One of the popular innovations that has accompanied the newer generations of CT scans is the capability to place electronic arrows highlighting foci of interest. To the untrained eye, those bright, clearly observable markers bring into clarity densities and lucencies not always so readily observable. Yet, in an instant with an arrow they are better appreciated. The arrow points out the hitherto obscured lesion for everyone to see, no doubt about it, or well, maybe it does.
As the old saying proclaims, a picture is worth a thousand words. The affixed arrow is an unspoken directional signal inserted so the suspected abnormality, however subtle, will not get lost within a background of black, gray, and white where otherwise it might be unidentifiable until the arrow exposes it.
Ask many referrers and they are apt to say the electronic arrow is a valued technological advancement which makes a seemingly unperceived pathological entity immediately recognizable. The placement of the arrow brings out the presence of pathology. So why be critical of it? Isn't it mere crotchety pedanticism to offer such a complaint? Maybe, but allow us, then, to present our arguments for the retirement of the electronic arrow from our diagnostic armamentarium. Each point we wish to make we feel strongly about. We hope at least one of them has resonance with you.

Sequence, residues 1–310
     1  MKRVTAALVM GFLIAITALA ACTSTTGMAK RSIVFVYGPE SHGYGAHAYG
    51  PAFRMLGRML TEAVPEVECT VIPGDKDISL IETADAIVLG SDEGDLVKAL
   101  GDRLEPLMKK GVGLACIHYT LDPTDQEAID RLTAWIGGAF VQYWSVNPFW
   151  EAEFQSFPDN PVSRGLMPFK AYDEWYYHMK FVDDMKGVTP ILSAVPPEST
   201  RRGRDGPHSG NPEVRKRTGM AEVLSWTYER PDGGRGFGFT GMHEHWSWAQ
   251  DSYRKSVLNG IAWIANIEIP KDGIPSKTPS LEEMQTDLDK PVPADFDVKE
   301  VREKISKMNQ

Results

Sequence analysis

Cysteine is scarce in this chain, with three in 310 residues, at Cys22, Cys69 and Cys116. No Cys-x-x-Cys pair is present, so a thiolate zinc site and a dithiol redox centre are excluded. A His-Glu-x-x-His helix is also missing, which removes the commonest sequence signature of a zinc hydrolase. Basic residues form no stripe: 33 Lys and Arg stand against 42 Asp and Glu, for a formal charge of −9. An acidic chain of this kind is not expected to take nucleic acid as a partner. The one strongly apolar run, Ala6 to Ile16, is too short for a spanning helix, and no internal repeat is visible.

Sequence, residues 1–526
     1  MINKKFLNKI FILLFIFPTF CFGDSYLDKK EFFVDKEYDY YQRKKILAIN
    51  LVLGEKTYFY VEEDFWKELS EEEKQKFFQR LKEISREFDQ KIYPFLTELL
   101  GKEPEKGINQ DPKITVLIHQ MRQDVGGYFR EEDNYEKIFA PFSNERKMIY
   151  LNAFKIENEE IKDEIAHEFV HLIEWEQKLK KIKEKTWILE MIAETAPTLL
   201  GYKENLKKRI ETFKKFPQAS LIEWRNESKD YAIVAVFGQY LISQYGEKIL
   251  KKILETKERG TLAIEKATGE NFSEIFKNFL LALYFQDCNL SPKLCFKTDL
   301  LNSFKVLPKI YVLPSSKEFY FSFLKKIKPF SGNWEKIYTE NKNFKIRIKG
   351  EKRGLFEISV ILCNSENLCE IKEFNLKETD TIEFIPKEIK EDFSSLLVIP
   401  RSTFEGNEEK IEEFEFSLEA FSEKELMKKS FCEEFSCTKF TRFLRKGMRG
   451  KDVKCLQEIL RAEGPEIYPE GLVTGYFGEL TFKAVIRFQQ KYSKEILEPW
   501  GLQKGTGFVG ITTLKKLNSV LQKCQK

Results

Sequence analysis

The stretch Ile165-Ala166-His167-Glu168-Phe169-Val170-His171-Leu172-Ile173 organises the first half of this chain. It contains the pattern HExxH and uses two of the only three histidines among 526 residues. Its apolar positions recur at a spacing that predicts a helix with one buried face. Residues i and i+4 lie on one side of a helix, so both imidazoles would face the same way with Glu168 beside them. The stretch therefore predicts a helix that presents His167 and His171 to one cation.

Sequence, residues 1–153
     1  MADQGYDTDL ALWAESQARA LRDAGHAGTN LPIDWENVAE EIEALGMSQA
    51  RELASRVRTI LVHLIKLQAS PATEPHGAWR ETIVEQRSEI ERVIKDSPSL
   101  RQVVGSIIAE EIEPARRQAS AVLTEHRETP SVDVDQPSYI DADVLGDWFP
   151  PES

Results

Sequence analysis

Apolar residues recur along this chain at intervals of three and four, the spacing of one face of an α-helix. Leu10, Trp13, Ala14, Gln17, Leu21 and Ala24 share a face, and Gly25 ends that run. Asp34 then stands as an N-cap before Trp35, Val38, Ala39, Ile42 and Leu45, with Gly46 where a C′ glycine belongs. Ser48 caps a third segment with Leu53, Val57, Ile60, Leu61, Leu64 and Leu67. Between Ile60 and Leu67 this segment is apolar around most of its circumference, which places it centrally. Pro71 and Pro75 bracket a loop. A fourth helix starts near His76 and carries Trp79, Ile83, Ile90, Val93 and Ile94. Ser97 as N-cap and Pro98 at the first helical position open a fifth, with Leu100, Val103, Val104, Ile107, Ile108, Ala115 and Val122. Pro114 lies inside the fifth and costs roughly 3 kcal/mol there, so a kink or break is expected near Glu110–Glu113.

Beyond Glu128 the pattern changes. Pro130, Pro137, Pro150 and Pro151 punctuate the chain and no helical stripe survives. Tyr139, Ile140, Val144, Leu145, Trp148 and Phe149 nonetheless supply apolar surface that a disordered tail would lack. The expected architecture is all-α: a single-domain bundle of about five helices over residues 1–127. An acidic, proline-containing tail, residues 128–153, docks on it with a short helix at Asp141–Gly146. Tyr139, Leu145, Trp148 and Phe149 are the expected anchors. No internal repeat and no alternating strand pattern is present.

First, there is the aesthetic issue, if you will. We as radiologists cannot depict the physical reality of what is within the body. We only discern a simulacrum of it. We know there are some things not starkly depicted by the image but which are present nonetheless. Also, we can recognize anatomy and pathology by the pattern produced by how the x-ray beam passes through or is blocked. Into these pictures we then intentionally place a foreign "object," more opaque than bone, and homogeneously dense. Actually it is not even a physical object but a virtual one sharply defined and bright.
The arrow in its directing function overwhelms the image to the extent that other things not singled out may not be recognized by the viewer, whether he or she is a radiologist or a referrer. Such subtleties not indicated by the arrow are a setup for the avoidable satisfaction of search error. And multiple arrows even more so induce not only an aesthetic disturbance to the image, but also enhance the likelihood that a significant but inherently less obvious finding will become even less obvious, but no less significant, if situated beyond the environs of the intrusive arrow.
Yes, a picture is worth a thousand words, but what are our words worth? If we characterize a spot on the image solely or predominantly by its adjacency to an extracorporeal arrow, have we fulfilled our function as image interpreters or are we merely signpost inserters? Arrows indicate purported presence but our mission is greater than that. We are obligated to give an account of, for each density or lucency, its borders, configuration, internal architecture, location, and if it is part of a series, a comparison with previous images to determine growth or regression.